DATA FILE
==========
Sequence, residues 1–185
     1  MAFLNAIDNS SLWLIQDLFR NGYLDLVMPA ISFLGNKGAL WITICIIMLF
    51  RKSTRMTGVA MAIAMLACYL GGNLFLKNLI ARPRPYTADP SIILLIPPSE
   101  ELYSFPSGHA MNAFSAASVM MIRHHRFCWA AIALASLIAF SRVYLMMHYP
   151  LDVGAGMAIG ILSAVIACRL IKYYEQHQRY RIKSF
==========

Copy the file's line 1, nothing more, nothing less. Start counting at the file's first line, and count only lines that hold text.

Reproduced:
Sequence, residues 1–185